How do I put a window at the edge of the screen without triggering the automatic positioning behavior?

Last time, we saw that Windows 7 lets you position windows to fill the left or right half of the screen by just dragging the window to the appropriate edge. (This also works for the top and bottom half of the screen.) But what if you just want a window near the edge without the automatic positioning?

Just grab the window from the far edge.

The auto-positioning behavior is triggered by the mouse position, not the window position. (This is hinted at in the animation that accompanies the docking: The ripple effect is centered on the mouse, not the window. Here are more details on Aero Snap design.) If you don't want auto-positioning to kick in, just keep the mouse away from the edge of the screen. For example, suppose you want to place a window against the left edge of the screen, but you don't want the automatic positioning to kick in. Just grab the caption bar by the area near the minimize/maximize/close buttons, then drag the window to the left edge of the screen. Since you grabbed it from the right-hand part of the caption, you can position the window freely without the mouse getting anywhere near the edge of the screen.

Similarly, if you want to position a window near the right edge, grab it near the left hand part of the caption bar (near the caption icon).

If this feature offends you so much that you would rather have it permanently disabled, you can do so from Control Panel | Ease of Access Center | Make the mouse easier to use | Prevent windows from being automatically arranged when moved to the edge of the screen. (Note that this is a dreaded negative checkbox. It should have been phrased Arrange windows automatically when moved to the edge of the screen.) As a shortcut for those first three steps, you can hit the Windows key and then type better mouse into the Start menu search box, then click Change how your mouse works.

Comments (18)
  1. Danny says:

    How about the case I want to have it near top? And I don’t want this feature to be disabled from Control panel? And, mind this, I wanna do it with the mouse, not the keyboard! :D

  2. asf says:

    Most docking things allow you to use Ctrl or Alt to disable the snapping, why does windows not do this? (I’m assuming, not tested 7, XP 4eva!)

  3. AndyC says:

    @Danny You just move it near the top without actually letting the mouse pointer hit the edge of the screen. Given that you’d typically grab the title bar from roughly center it’s not particularly hard to do.

  4. Pierre B. says:

    If you read the Aero Snap description, you can see that you have both a mouse feedback and a preview feedback. I have not the latest Windows 7 installed yet, but I would think it easy to back off from the top when the feedback triggers.

    Still, when doing it rapidly, I would guess that it can happen from times to times to have it trigger by accident.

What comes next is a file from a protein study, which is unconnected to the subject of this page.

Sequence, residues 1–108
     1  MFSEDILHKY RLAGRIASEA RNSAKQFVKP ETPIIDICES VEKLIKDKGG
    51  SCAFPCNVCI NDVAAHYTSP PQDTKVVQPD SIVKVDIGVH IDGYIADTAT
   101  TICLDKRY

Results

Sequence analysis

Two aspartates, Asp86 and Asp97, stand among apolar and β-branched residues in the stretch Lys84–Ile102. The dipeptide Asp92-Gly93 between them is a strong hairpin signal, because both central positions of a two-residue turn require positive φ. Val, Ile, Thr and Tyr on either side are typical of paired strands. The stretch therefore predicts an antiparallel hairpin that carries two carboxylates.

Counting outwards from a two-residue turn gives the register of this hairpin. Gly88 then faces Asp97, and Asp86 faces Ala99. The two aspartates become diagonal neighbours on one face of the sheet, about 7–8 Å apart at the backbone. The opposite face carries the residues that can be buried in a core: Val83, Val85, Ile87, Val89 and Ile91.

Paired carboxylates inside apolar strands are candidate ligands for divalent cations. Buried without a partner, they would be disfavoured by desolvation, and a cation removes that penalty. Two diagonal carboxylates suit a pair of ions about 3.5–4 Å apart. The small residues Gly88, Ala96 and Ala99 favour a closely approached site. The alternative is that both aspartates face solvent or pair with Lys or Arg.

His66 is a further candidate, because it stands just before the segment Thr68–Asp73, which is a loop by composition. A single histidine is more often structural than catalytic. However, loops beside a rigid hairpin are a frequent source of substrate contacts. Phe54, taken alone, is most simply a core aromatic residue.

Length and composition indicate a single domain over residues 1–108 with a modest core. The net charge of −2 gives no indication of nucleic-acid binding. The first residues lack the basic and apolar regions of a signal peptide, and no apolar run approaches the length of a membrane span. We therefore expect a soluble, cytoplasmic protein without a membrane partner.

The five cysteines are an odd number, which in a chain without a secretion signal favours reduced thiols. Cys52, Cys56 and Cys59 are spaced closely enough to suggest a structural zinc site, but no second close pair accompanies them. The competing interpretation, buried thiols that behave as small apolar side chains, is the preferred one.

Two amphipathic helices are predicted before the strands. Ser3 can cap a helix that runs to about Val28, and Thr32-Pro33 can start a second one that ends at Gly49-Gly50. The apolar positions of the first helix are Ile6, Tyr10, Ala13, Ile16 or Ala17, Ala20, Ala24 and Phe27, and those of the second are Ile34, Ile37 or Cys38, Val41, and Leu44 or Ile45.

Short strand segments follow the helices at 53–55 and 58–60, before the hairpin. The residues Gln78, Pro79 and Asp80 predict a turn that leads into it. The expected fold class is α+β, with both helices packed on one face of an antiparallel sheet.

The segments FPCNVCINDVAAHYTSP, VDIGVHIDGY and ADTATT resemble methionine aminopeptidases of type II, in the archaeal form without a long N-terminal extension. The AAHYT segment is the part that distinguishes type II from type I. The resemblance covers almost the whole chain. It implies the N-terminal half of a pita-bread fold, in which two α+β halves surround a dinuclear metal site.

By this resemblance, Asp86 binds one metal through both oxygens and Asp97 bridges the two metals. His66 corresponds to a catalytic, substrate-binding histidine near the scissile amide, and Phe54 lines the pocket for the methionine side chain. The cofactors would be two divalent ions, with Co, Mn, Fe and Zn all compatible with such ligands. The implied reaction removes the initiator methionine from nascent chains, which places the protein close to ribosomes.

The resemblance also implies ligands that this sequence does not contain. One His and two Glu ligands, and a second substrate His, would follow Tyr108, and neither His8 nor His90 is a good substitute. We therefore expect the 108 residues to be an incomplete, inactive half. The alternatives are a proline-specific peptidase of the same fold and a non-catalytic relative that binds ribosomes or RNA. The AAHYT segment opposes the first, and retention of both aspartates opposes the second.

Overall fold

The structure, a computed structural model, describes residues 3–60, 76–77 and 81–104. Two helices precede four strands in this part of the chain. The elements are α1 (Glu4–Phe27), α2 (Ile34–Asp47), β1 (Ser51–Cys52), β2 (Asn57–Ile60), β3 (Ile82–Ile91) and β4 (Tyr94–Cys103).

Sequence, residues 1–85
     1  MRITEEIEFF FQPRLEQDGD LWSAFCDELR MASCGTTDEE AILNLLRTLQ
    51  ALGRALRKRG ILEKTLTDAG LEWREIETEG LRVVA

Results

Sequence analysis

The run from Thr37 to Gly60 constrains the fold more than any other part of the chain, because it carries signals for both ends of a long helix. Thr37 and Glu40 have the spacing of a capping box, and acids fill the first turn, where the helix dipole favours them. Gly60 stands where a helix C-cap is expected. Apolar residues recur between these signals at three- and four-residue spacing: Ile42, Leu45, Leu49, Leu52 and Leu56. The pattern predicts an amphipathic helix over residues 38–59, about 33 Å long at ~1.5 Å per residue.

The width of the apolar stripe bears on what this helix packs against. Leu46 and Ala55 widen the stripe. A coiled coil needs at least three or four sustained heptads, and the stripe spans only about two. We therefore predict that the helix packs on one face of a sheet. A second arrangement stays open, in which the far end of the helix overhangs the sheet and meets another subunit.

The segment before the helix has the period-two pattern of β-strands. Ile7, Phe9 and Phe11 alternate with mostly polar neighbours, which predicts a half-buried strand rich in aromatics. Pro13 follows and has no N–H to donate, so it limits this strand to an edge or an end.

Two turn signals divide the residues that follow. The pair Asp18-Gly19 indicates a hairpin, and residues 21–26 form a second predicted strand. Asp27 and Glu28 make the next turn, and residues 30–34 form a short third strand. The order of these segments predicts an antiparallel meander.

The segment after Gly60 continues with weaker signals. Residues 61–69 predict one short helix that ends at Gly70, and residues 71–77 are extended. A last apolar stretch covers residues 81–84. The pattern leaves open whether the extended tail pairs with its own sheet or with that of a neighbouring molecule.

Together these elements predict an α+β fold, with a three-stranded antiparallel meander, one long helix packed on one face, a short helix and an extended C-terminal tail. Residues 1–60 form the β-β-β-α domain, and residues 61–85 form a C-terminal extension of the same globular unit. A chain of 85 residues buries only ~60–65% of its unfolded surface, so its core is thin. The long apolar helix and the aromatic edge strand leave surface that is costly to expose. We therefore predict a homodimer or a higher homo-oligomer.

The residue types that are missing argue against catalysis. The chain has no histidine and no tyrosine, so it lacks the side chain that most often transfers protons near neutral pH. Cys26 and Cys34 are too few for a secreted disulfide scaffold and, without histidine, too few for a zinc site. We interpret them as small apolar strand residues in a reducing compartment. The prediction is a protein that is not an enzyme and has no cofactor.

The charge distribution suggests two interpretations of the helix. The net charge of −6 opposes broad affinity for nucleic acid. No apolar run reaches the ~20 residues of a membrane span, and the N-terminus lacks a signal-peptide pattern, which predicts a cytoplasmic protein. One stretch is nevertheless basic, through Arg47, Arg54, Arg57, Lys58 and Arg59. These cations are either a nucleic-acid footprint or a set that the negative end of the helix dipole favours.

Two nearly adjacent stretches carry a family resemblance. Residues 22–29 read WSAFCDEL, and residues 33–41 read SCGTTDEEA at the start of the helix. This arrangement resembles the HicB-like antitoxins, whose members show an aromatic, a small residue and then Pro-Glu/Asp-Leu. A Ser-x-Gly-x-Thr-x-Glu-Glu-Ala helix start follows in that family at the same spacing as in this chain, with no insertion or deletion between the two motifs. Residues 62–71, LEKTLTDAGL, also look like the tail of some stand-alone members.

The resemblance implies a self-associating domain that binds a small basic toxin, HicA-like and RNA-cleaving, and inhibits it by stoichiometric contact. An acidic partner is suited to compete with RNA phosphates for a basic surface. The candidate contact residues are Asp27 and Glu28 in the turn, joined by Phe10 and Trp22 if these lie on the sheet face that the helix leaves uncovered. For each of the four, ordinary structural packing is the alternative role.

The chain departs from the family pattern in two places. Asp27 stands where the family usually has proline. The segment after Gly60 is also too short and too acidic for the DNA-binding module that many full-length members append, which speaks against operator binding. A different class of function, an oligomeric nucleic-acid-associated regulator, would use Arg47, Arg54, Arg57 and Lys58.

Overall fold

The solution is of course, to put the menu bar at the top of the screen and prevent windows from overlapping it, but still triggering the snap fetaure at the screen edge. The additional overshoot area given by the menu would help avoid accidental triggering.

    Which OS puts its menu bar at the top of the screen is left as an exercise to the reader. :)

  5. Gabest says:

    As asf says, ctrl has been the key to avoid docking in almost every docking toolbar implementation I know of. Including Visual Studio. Has the folks who coded this feature never used Visual Studio before?

    [I find it oddly ironic that people are suggesting adding a non-intuitive keyboard shortcut, after complaining that the system it replaced required a non-intuitive keyvoard shortcut. -Raymond]
  6. "ALT-space, M, up-arrow" works remarkably well for moving a window to the top without triggering the snap behavior. You can keep pressing up-arrow repeatedly, or press CTRL-up-arrow for fine positioning. If you prefer to place the window with the mouse, you can press an arrow key once and then use the mouse to position the window. Snap isn’t triggered in that scenario.

    I’ve found Snap to be useful when I need it, and annoying the rest of the time.


  7. Erzengel says:

    …this is being turned off IMMEDIATELY. Just like all those other "usability features" that get in the way, like hiding file extensions, the favorites links in windows explorer, grouping task bar items, the list goes on, and on, and on…

    I swear, windows keeps adding "usability" features that I find a major hinderance and get turned off really quickly. I just looked at a "preview" of the windows 7’s "new taskbar" and I was cringing the whole way through it. That’s being turned off right quick.

    And yet, the feature I really want is never implemented: Rearranging the taskbar. Moving programs that I opened earlier into a position after a program I opened later. I have to use a third party extension to do that, and I’m not sure how much I trust it not to crash.